Like most teenagers going through the alt phase in the early 2010's, The Strokes were in constant rotation for me growing up. This inherent nostalgia made hearing their comeback with “The New Abnormal” that much more exciting. This album definitely did serve as a cathartic throwback, calling back to some of their early 2000’s releases (and, by proxy, my time spent listening to them in 2013/14). However, the band here doesn’t just rest on those laurels as they (along with super-producer Rick Rubin) push their sound to add a sort of 1980's and 1990's feel and more grungy-rock balladry than was heard on their earlier releases -- playing more now with structure, polish, and texture than ever before. On this record the band sounds fresher than they have in years, solidly evoking the feeling of a fan’s first listening experience. - Maggie Robertson



7. Blu & Exile - Miles (Dirty Science)
Blu & Exile - Miles
The eccentric, innovative, and jazzy collective of emcee Blu and producer Exile comes together after an eight-year hiatus to create a new modern classic filled with true blue jazz and R&B tinged hip hop tracks speaking on ancestry, childhood, and artistic influences. Blu delivers on every front in the thought to paper department, painting incredibly smart and vivid images through each and every bar. He’s complemented greatly with Exile’s delicious and infectiously rhythmic jazzy beats, laden with shimmering pianos, hard hitting boom bap drums, attention grabbing horns, perfectly fitted features, and beautiful vocal samples. As the final result, Blu & Exile meticulously crafted a gargantuan masterwork in jazz rap that’s sure to be cherished for years to come. - Tristen Rodriguez



6. Jeff Rosenstock - NO DREAM (Polyvinyl)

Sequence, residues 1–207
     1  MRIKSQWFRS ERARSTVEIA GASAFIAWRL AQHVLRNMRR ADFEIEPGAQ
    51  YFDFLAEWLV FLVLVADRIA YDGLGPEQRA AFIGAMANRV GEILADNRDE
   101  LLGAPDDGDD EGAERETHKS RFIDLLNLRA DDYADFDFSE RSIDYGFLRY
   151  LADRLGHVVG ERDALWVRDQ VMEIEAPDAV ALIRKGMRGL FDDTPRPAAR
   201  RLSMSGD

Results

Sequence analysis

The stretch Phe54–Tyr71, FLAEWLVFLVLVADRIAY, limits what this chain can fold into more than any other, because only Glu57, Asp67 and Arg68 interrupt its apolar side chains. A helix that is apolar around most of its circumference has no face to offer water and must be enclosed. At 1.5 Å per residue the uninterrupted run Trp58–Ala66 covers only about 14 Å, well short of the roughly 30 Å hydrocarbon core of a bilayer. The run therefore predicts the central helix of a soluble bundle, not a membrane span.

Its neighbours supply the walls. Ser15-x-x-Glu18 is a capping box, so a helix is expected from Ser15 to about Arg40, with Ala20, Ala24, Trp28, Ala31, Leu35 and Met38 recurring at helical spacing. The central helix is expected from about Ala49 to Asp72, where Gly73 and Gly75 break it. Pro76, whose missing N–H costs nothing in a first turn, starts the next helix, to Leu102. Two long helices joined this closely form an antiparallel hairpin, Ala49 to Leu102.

Jeff Rosenstock - NO DREAM
DIY legend Jeff Rosenstock’s fifth full-length effort released under his own name was released without warning in summer 2020. Fans of Rosenstock will no doubt recognize the infectious power pop melodies, raw punk energy, and unmistakable streak of melancholy on this record. “NO DREAM” see’s Rosenstock sound as slick, punchy, and vibrant as ever, making it the perfect record for the summer, even as this summer was far from normal. Though the record was written before 2020 began, the various themes explored make it eerily fitting for a socio-political climate that at times may seem downright apocalyptic. Unlike some of the more meandering experiments on Rosenstock’s previous full-length “POST-,” the tracks on “NO DREAM” remain tight throughout, firing off one earworm after another through relatively straightforward rock instrumentation with only occasional songwriting embellishments. Lyrically many of the tracks here are bittersweet musings on nostalgia, love, grief and exhaustion -- both physical and emotional. But even the most downtrodden ballads on this album rip pretty hard at some point or another, many still rife with scream-along choruses and triumphant defiance. This all will come as no surprise to longtime fans, as Rosenstock is largely doing what he’s always done best on this record. However, the accessibility and timeliness of this project make it a great pick for new listeners and one of the best 2020 releases to soundtrack your next cry-moshing session. - Noah Spencer